From BiblePortal Wikipedia

Bridgeway Bible Dictionary [1]

When the Bible mentions the husband and wife team of Aquila and Priscilla (or Prisca), it usually mentions Priscilla first ( Acts 18:26;  Romans 16:3 AQUILA.)">1 Timothy 4:19). This is unusual, but the Bible gives no reason for such usage. Perhaps Priscilla was more active or more prominent than Aquila in the Christian work in which they were constantly and wholeheartedly engaged. (For details see Aquila .)

Fausset's Bible Dictionary [2]

Diminutive of Prisca. (See Aquila .) A sample of what married women can do for the Lord's cause, as Phoebe is of what unmarried women can do. Timothy at Ephesus would find her counsel invaluable in dealing with the female part of his flock, his position as a young man needing delicacy and discretion in relation to them ( 2 Timothy 4:19;  Romans 16:3;  1 Corinthians 16:19;  Acts 18:2;  Acts 18:26).

Watson's Biblical & Theological Dictionary [3]

a Christian woman, well known in the Acts, and in St. Paul's epistles; sometimes placed before her husband Aquila. From Ephesus this pious pair went to Rome, where they were when St. Paul wrote his epistle to the Romans, A.D. 58. He salutes them the first of all, with great commendations,  Romans 16:3 . They returned into Asia sometime afterward; and St. Paul, writing to Timothy, desires him to salute them on his behalf,  2 Timothy 4:19 , A.D. 65.

Hawker's Poor Man's Concordance And Dictionary [4]

One of Whom Paul the apostle speaks highly,  Romans 16:3-5. It is probable that this is the same person spoken of by the same apostle,  2 Timothy 4:19. It should seem tint she and her husband Aquila, had offered their house for worship. What a lovely view of saints of God!

Easton's Bible Dictionary [5]

 Acts 18:2 Romans 16:3 2 Timothy 4:19 Acts 18:26

Holman Bible Dictionary [6]

Aquila And Priscilla

Cyclopedia of Biblical, Theological and Ecclesiastical Literature [7]

( Πρίσκιλλα , dim. from Prisca, Lat. ancient), the wife of Aquila, and probably, like Phoebe, a deaconess. She shared the travels, labors, and dangers of her husband, and is always named along with him ( Romans 16:3;  1 Corinthians 16:19;  2 Timothy 4:19), A.D. 55-64. The name is Prisca ( Πρίσκα ) in  2 Timothy 4:19, and (according to the true reading) in  Romans 16:3, and also (according to some of the best MSS.) in  1 Corinthians 16:19. Such variation in a Roman name is by no means unusual. We find that the name of the wife is placed before that of the husband in  Romans 16:3;  2 Timothy 4:19, and (according to some of the best MSS.) in  Acts 18:26. It is only in  Acts 18:2 and  1 Corinthians 16:19 that Aquila has unequivocally the first place. Hence we should be disposed to conclude that Priscilla was the more energetic character of the two; and it is particularly to be noticed that she took part, not only in her husband's exercise of hospitality, but likewise in the theological instruction of Apollos. Yet we observe that the husband and the wife are always mentioned together. In fact, we may say that Priscilla is the example of what the married woman may do, for the general service of the Church, in conjunction with home duties, as Phoebe is the type of the unmarried servant of the Church, or deaconess. Such female ministration was of essential importance in the state of society in the midst of which the early Christian communities were formed. The remarks of archdeacon Evans on the position of Timothy at Ephesus are very just. "In his dealings with the female part of his flock, which, in that time and country, required peculiar delicacy and discretion, the counsel of the experienced Priscilla would be invaluable. Where, for instance, could he obtain more prudent and faithful advice than hers in the selection of widows to be placed upon the eleemosynary list of tie Church, and of deaconesses for the ministry?" (Script. Biog. 2, 298). It seems more to our purpose to lay stress on this than on the theological learning of Priscilla. Yet Winer mentions a monograph De Priscilla, Aquilae uxore, tamquam feminarum e gente Judaica eruditarum specimine, by G. G. Zeltner (Altorf, 1709). (See Aquila).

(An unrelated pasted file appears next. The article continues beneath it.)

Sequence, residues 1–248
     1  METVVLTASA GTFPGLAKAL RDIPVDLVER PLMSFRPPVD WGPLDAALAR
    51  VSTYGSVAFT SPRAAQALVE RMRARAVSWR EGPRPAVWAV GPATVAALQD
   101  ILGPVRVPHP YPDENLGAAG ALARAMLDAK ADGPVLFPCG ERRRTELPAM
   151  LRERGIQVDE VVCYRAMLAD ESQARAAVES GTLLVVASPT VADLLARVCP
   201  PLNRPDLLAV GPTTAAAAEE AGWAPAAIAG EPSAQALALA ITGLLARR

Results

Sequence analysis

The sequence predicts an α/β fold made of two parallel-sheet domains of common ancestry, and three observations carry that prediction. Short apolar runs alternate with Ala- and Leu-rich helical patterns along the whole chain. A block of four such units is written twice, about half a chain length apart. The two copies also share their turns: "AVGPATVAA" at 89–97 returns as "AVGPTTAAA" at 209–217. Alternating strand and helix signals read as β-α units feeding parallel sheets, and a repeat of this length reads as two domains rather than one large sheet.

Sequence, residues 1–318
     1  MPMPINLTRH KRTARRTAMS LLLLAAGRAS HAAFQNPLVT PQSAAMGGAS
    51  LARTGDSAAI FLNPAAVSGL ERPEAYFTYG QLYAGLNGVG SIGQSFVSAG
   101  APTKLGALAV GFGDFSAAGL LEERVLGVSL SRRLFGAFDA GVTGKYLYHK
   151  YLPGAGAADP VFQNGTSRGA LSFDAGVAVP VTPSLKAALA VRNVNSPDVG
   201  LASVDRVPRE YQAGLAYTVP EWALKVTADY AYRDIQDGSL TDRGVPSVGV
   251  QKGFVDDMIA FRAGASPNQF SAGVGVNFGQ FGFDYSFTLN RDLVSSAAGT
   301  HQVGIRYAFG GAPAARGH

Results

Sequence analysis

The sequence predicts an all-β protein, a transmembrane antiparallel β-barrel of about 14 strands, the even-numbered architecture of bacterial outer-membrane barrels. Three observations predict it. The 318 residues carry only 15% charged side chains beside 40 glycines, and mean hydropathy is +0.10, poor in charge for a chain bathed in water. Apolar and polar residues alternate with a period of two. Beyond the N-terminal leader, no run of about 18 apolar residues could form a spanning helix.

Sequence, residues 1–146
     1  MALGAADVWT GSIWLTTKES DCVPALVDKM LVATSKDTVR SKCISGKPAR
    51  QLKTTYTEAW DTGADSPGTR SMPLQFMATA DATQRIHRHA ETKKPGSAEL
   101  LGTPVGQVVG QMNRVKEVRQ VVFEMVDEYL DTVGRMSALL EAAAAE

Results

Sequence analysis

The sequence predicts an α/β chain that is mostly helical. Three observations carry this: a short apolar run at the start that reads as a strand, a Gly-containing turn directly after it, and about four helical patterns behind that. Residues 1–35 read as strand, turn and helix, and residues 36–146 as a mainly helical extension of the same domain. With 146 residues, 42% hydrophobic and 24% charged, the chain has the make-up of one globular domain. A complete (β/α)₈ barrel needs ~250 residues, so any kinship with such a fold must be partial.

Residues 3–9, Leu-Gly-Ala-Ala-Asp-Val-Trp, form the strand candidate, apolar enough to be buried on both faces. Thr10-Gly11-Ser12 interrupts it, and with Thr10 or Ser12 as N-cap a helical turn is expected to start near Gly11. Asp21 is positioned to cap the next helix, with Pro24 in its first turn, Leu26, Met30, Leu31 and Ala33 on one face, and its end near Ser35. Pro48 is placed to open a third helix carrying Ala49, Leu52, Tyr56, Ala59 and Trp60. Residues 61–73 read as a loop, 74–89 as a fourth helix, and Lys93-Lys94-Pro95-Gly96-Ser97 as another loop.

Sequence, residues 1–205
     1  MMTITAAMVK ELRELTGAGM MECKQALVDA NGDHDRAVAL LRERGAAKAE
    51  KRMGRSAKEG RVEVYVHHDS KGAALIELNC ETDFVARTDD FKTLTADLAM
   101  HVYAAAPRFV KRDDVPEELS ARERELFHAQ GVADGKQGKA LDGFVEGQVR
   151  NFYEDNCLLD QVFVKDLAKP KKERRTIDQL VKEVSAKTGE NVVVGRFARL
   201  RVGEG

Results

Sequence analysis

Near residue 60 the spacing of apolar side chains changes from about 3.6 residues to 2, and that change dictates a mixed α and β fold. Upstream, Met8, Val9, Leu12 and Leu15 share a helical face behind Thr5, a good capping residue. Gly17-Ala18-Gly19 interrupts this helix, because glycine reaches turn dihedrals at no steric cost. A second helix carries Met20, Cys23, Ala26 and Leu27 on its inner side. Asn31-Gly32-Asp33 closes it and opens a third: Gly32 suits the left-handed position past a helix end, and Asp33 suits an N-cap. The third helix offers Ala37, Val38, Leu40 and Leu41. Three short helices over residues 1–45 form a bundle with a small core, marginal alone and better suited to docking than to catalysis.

Kitto's Popular Cyclopedia of Biblial Literature [8]

Priscil´la, or Prisca, wife of Aquila, and probably, like Phoebe, a deaconess. She shared the travels, labors, and dangers of her husband. and is always named along with him (;; ) [AQUILA].